Late in February 1982, defendants filed a motion to dismiss the second amended complaint or for summary judgment in their favor. On March 29, the district court filed a memorandum opinion and order granting defendants' motion to dismiss (App. A-11 to A-20). After citing several cases from this Circuit and the Second Circuit, Judge Kocoras concluded that the plaintiffs had standing to sue, a conclusion no longer contested by defendants. However, he determined that the series of acts alleged in both Counts as taken by defendants to reduce Qonaar revenues, increase its expenses, accelerate its depreciation and reduce its assets involved at most a breach of fiduciary duty, justifying dismissal of both Counts under Santa Fe Indus., Inc. v. Green, 430 U.S. 462, 97 S.Ct. 1292, 51 L.Ed.2d 480. In reliance on Part IV of Santa Fe, id. at 477-480, 97 S.Ct. at 1303-1304, the court found there was no federal cause of action here because breach of fiduciary duty or corporate mismanagement claims were traditionally relegated to state law. A remedy existed in this case under Delaware law, which supplied minority shareholders with a cause of action in its Court of Chancery to recover the fair value of shares allegedly undervalued in a short-form merger. The district judge also ruled that Richard and Donna Atchleys' claims under both Counts I and II should be dismissed because, by virtue of his position as president of Qonaar's Mass Transit Division from April to October 16, 1981,4 he had access to records from which he could determine whether the tender offer material included misrepresentations and misstatements. Since the "sum total of the information available to Atchley was sufficient to alert any reasonable person to misstatements or omissions" (App. A-17), the court presumed that Atchley would have conveyed such information to his wife. Therefore Judge Kocoras thought the Atchleys had not established that they reasonably relied on information provided by defendants and that they exercised due diligence in examining information otherwise available to them.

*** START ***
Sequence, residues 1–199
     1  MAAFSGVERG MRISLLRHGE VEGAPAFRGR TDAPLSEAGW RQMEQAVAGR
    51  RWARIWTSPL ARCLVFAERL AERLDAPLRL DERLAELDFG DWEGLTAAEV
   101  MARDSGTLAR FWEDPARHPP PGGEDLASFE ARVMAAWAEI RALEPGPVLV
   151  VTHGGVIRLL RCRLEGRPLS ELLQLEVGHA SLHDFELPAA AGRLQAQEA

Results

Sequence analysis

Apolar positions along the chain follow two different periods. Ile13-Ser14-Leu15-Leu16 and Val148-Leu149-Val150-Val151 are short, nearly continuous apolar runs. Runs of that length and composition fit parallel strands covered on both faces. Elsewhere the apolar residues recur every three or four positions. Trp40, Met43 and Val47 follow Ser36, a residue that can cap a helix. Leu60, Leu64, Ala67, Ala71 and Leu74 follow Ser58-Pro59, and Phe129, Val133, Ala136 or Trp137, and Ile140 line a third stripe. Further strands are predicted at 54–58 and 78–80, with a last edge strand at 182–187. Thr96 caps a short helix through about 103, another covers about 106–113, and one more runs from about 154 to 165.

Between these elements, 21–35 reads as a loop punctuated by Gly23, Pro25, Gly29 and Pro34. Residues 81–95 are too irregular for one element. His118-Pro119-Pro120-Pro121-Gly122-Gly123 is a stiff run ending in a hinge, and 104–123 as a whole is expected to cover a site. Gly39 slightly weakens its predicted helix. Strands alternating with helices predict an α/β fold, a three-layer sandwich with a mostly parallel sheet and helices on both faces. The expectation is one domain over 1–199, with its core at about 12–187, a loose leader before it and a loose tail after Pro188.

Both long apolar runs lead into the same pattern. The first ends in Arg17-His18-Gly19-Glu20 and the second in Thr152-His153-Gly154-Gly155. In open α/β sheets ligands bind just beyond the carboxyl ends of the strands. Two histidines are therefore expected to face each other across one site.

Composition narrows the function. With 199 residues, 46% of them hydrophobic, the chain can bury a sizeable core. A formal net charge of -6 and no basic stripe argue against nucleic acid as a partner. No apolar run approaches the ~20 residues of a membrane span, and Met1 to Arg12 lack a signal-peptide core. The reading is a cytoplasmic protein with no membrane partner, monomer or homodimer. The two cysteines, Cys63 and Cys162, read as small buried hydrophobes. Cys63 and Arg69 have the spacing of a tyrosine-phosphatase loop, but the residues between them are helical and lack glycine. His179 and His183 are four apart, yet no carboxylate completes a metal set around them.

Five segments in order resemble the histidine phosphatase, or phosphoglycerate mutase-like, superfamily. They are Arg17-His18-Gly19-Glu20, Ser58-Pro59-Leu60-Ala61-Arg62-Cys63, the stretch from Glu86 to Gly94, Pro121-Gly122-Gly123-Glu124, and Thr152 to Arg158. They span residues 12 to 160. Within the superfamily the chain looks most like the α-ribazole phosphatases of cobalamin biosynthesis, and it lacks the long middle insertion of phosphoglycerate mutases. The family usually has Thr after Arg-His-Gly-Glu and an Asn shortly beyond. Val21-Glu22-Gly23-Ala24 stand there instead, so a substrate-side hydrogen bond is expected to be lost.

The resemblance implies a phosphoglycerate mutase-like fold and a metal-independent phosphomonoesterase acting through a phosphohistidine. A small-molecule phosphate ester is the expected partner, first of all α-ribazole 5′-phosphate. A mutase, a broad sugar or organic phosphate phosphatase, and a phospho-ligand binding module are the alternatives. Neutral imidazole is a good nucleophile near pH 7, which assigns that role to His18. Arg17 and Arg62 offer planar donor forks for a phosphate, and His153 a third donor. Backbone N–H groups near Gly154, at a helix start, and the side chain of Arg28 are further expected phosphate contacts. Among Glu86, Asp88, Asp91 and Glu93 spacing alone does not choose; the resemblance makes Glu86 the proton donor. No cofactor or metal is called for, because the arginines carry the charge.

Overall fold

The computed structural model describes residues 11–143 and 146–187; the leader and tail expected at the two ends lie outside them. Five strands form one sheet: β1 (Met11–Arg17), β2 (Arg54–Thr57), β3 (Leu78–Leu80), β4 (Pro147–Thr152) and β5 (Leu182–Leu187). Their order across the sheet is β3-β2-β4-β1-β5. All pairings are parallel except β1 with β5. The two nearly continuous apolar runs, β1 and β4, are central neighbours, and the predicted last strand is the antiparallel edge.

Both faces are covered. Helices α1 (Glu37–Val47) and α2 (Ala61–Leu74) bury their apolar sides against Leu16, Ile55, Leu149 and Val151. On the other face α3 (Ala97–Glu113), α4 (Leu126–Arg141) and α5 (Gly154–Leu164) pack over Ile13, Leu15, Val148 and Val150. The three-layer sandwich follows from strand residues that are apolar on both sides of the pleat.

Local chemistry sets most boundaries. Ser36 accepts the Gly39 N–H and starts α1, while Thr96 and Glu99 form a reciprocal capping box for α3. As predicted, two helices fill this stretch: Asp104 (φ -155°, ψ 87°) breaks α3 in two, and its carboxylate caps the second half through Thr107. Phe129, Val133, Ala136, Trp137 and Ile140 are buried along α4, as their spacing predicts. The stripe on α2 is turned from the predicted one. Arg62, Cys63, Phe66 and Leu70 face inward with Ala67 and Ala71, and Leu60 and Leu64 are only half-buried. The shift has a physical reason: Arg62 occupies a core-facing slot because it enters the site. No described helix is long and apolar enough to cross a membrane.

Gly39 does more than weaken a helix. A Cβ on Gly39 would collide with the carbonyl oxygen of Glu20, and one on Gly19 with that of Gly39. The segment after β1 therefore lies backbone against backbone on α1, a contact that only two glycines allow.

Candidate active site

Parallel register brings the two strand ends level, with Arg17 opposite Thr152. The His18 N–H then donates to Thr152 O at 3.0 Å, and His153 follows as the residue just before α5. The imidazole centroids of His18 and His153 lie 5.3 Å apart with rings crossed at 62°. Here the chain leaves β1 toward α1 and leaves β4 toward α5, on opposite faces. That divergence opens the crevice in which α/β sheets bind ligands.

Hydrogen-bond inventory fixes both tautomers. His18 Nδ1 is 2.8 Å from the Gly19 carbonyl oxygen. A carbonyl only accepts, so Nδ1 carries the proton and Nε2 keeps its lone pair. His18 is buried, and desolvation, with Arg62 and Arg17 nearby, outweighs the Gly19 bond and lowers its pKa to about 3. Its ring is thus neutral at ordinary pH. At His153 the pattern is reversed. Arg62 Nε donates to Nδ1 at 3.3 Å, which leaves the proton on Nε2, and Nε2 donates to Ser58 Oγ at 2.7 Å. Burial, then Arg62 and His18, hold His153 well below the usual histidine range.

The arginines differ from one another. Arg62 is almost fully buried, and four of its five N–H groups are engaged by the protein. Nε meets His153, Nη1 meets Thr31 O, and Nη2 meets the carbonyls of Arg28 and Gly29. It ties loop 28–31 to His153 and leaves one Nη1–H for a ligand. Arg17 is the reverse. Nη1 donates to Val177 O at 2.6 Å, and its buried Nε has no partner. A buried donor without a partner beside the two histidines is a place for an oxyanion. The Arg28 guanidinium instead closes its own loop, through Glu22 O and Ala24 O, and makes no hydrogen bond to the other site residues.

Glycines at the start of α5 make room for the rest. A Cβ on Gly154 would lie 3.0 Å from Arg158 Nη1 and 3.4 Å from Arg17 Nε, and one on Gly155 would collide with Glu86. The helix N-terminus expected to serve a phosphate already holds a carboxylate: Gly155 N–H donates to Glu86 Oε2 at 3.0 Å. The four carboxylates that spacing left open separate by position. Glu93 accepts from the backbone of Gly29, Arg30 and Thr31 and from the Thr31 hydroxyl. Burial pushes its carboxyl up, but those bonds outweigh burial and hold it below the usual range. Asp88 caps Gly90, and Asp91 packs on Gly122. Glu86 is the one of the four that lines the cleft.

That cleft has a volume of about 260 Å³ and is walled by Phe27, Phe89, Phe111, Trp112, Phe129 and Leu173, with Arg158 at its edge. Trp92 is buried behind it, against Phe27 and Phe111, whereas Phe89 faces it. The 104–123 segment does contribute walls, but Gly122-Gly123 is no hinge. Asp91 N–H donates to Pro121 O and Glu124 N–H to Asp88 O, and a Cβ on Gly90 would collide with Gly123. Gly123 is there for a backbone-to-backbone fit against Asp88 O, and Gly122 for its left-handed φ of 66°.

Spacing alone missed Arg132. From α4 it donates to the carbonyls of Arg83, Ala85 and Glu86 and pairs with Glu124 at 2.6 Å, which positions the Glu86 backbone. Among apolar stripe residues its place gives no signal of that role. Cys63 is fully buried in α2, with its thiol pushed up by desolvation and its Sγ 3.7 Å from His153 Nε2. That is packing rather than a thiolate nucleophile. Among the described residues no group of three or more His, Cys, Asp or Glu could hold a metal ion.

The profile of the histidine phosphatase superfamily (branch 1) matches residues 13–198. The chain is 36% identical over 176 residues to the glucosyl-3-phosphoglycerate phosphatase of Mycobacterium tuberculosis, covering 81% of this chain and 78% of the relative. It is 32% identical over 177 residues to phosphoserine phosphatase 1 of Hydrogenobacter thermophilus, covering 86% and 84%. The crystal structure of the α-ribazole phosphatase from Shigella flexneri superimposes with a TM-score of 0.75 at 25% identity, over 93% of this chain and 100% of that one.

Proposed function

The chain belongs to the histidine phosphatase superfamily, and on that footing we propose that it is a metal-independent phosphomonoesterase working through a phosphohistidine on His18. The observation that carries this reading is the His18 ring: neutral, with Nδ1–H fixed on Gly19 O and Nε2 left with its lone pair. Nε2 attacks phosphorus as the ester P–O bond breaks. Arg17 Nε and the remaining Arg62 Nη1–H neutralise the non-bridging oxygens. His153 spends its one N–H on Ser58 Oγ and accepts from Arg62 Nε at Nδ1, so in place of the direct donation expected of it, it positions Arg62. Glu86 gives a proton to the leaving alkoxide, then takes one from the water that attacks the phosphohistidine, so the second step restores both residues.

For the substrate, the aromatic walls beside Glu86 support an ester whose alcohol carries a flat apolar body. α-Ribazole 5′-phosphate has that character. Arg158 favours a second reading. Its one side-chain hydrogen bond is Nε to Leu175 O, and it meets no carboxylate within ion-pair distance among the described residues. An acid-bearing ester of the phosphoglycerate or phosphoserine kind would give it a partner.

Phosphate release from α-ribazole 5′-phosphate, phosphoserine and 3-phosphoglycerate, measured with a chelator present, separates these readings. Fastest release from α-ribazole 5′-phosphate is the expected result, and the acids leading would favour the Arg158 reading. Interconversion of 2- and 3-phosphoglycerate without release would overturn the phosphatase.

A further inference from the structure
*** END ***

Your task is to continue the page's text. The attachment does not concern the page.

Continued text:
Consequently, the second amended complaint was dismissed, resulting in this appeal. On careful analysis, we conclude that the second amended complaint was not based solely on a breach of fiduciary duties or corporate mismanagement and reverse and remand.

Adequacy of Securities Exchange Act Count


Judge Kocoras granted the motion of defendants to dismiss the second amended complaint rather than granting them summary judgment in accordance with the alternative prayer of their supporting memorandum. Accordingly, the district court and we must take the allegations of the second amended complaint as true. Cruz v. Beto, 405 U.S. 319, 322, 92 S.Ct. 1079, 1081-1082, 31 L.Ed.2d 263 (per curiam); Mitchell v. Archibald & Kendall, Inc., 573 F.2d 429, 432 (7th Cir.1978).